Innate and adaptive immunity in genital HSV-2 infection: Implications for vaccine development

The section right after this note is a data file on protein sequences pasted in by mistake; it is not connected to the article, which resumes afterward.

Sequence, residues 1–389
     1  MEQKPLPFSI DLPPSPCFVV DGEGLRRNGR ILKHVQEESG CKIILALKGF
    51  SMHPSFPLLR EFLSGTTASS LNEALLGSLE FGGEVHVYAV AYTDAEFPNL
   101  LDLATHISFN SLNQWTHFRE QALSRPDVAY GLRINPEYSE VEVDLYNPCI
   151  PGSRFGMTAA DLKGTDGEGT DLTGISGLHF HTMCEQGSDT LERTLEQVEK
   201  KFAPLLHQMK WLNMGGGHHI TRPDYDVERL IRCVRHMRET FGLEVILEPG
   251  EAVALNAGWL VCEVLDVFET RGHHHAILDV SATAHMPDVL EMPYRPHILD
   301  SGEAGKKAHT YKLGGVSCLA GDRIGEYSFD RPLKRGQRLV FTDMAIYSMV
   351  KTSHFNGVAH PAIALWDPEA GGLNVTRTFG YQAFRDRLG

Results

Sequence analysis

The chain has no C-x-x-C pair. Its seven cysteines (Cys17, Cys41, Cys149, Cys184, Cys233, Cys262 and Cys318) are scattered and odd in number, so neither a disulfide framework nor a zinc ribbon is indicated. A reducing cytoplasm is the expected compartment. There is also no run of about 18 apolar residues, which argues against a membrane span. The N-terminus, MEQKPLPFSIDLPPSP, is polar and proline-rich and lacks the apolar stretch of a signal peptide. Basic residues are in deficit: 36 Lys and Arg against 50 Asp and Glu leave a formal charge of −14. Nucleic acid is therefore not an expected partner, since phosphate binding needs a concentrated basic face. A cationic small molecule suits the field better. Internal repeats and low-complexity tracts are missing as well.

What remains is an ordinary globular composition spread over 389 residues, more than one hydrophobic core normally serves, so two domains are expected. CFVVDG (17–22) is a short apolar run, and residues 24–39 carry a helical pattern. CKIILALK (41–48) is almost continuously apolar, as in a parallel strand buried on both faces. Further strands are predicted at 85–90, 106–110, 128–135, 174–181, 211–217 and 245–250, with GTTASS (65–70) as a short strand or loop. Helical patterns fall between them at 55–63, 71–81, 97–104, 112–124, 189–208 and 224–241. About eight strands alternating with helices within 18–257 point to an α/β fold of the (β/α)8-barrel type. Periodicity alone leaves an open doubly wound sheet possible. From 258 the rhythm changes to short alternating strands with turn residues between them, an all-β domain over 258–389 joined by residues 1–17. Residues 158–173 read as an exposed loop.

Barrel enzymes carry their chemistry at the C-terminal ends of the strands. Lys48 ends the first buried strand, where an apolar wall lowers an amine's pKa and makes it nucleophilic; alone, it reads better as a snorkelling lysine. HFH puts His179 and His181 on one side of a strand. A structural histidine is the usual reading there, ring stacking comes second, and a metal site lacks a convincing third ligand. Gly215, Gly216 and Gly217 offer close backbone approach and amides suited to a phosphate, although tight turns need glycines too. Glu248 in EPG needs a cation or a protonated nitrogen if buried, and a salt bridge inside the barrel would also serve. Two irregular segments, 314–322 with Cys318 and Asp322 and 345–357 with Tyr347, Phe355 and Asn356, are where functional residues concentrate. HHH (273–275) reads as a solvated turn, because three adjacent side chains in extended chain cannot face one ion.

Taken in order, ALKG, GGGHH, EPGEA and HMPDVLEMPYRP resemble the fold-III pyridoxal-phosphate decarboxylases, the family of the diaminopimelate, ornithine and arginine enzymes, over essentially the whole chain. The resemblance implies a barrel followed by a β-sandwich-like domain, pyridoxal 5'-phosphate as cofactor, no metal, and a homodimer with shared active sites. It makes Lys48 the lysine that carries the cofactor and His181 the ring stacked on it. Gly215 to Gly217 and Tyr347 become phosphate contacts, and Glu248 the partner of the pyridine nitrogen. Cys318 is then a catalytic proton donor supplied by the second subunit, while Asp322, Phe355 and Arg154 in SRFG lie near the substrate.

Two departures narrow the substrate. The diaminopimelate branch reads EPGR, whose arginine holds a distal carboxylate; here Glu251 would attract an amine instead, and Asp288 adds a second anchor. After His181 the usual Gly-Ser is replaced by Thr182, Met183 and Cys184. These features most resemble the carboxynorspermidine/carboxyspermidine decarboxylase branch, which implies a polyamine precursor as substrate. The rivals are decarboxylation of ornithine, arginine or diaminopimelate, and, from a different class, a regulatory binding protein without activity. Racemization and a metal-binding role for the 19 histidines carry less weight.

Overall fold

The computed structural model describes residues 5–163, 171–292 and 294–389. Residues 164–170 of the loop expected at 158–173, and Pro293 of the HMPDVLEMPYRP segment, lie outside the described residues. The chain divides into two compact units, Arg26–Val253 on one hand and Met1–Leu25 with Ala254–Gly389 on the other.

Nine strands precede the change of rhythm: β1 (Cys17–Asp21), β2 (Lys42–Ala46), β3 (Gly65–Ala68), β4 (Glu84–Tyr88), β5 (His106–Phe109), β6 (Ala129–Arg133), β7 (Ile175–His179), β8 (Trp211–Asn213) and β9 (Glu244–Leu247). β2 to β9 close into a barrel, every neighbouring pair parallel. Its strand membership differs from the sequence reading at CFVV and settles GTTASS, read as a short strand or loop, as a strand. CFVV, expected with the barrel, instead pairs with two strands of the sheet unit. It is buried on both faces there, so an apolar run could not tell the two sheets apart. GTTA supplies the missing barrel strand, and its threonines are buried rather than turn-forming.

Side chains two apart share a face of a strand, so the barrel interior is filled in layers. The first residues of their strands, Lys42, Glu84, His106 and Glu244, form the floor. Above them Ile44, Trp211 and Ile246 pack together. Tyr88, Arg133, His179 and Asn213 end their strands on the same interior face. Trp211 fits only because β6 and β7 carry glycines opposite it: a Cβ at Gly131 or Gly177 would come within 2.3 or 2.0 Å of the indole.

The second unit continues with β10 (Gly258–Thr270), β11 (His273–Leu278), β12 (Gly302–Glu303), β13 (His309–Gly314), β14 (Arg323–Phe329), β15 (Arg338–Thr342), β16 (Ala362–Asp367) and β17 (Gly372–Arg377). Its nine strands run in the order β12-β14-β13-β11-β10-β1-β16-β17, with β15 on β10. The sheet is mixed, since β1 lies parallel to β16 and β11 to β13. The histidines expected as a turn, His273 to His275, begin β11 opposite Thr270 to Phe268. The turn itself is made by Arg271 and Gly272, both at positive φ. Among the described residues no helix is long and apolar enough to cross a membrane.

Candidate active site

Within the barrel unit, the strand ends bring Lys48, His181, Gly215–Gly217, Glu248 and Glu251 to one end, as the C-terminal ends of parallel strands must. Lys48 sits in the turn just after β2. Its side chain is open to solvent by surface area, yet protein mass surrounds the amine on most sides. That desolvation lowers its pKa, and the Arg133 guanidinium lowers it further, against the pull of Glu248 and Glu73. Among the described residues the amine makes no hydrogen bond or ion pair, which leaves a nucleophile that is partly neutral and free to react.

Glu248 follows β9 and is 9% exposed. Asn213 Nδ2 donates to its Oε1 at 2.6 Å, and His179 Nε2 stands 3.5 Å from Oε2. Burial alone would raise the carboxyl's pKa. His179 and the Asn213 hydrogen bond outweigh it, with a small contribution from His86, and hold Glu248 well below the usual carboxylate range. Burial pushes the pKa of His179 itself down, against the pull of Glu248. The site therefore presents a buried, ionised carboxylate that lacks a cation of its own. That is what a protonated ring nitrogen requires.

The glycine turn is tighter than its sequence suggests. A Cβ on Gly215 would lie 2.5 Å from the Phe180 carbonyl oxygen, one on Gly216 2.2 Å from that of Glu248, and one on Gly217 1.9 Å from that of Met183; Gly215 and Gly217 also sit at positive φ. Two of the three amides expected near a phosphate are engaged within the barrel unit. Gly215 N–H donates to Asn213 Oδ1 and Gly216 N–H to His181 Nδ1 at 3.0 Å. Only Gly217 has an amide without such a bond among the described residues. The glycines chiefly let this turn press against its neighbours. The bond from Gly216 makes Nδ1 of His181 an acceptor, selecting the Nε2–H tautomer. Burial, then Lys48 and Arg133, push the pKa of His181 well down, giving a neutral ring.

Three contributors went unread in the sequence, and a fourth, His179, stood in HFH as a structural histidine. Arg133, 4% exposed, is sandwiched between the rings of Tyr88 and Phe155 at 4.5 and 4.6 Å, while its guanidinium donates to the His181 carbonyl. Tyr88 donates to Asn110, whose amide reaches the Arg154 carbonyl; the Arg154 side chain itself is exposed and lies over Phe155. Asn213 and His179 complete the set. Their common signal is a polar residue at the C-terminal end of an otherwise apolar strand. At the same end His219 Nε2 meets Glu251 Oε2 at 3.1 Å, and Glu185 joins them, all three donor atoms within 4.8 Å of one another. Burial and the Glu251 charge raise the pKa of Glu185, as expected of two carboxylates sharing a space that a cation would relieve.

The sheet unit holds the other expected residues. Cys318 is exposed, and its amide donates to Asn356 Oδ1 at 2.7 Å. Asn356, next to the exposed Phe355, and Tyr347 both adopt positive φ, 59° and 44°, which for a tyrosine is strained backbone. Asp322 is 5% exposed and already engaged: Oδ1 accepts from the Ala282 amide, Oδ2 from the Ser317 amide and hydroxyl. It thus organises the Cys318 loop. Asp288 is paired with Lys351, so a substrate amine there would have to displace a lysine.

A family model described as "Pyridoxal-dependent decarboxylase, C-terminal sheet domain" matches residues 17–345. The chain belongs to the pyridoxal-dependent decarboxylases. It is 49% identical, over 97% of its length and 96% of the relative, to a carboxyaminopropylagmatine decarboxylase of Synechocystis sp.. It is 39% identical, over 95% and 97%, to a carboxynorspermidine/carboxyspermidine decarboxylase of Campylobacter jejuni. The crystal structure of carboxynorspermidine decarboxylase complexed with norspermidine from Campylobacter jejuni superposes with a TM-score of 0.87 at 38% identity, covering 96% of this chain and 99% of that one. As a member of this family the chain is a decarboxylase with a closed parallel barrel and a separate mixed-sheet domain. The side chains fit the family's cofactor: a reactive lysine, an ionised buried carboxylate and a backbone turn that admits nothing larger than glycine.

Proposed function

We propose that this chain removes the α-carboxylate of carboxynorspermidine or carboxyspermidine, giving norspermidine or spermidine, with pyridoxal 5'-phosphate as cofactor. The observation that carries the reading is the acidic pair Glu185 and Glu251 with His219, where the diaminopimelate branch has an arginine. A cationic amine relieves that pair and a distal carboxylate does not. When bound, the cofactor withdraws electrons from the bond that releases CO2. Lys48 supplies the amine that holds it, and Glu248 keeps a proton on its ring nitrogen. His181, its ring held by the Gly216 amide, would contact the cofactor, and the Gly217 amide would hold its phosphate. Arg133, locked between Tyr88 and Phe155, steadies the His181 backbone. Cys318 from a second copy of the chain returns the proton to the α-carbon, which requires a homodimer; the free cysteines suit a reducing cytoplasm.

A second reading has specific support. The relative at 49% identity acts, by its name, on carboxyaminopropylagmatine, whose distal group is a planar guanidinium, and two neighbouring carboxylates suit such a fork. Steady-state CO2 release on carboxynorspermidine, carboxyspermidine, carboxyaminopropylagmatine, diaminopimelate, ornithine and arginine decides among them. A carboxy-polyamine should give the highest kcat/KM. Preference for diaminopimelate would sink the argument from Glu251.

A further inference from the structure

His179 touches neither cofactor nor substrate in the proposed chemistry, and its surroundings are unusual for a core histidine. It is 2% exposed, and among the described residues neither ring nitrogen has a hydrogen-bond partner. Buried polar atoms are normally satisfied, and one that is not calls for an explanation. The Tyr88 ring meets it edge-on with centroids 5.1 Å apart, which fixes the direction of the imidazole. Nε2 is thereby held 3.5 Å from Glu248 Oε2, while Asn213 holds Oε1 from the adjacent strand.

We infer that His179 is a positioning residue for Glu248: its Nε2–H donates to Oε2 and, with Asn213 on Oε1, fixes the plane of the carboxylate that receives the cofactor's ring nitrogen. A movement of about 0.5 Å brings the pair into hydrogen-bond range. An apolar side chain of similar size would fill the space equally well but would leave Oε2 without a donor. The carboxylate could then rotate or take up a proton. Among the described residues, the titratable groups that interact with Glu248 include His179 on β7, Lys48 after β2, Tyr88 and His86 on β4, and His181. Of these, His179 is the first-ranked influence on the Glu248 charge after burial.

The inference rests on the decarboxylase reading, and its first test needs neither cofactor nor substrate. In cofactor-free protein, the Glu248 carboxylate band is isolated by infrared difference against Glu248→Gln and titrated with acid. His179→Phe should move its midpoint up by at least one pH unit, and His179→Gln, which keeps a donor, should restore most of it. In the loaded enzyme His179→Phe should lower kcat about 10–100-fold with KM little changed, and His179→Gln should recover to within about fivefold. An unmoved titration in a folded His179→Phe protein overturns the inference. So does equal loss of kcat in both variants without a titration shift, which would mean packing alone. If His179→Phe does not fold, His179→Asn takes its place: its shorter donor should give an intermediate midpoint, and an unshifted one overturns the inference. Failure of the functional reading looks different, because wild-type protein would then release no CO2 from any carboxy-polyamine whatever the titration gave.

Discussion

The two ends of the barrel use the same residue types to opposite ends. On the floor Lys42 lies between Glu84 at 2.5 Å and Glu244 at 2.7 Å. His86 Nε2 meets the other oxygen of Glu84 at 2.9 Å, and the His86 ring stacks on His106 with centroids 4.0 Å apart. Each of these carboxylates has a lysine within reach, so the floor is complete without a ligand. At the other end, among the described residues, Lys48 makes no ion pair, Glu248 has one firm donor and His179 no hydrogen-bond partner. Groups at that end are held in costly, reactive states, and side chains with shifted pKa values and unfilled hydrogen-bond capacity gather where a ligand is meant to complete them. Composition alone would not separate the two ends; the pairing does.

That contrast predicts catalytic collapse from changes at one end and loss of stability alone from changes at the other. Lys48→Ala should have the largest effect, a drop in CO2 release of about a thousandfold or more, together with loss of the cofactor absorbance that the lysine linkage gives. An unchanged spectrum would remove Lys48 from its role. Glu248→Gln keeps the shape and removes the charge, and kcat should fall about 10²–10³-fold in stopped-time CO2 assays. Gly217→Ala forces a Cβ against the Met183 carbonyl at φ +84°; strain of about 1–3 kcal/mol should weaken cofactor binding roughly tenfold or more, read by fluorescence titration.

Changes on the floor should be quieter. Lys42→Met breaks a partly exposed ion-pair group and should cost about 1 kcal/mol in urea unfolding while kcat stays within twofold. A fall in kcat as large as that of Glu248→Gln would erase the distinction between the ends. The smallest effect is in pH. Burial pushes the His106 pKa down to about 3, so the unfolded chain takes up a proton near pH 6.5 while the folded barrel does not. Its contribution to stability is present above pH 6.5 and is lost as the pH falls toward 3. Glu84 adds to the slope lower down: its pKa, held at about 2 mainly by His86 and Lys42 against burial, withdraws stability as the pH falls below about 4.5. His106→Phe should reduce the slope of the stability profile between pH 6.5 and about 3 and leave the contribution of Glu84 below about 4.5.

Abstract: Herpes simplex virus type 2 (HSV-2) is a sexually transmitted pathogen that infects the genital tract mucosa and is the most common case of genital ulcers in humans. Despite numerous studies, little is known about the mechanisms involved in immune protection and no anti-herpes vaccine has been developed to date. Thus, a better understanding of the immune mechanisms deployed against HSV-2 could facilitate the development of an effective vaccine against human genital herpes infection. The aims of the present thesis were to elucidate the roles of different immunological components in both innate and acquired immunity against genital HSV-2 infection. In addition the ability of HSV-2-pulsed dendritic cell vaccination to induce protective immunity in mice, was assessed. A well-established mouse model of genital HSV-2 infection was employed. In this model, vaginal inoculation of mice with HSV-2 provokes a severe genital infection leading to a lethal neurological illness, whereas primary genital infection/vaccination with the attenuated strain HSV-2 (TK-) gives rise to the development of protective immunity against later infection by wild type HSV-2. Using this model, it was shown in gene-targeted mice that B cells secreting natural antibodies, IFN-g, IL-12 and IL-18 are implicated in the innate control of primary genital infection, whereas CD4+ T cells and IFN-g are crucial for the development of acquired protective immunity against challenge one month later. The protective immunity in vaccinated mice was shown to be associated with HSV-2-specific IFN-g responses in vitro and delayed type hypersensitivity responses in vivo. However, CD8+ T cells, B-cells, IL-12 and IL-18 can be circumvented during the development of adaptive immune protection. Protective immunity appeared to be associated with a rapid induction of IFN-g-dependent RANTES production in the vaginal mucosa following a vaginal HSV-2 challenge. Finally, it was demonstrated that intravenous or subcutaneous vaccination of mice with HSV-2-antigen-pulsed bone marrow-derived dendritic cells confers protective immunity against genital herpes infection. These data have implications for our understanding of the immune mechanisms involved in protective immunity against HSV-2 infection and may facilitate development of an effective vaccine against genital herpes infections.

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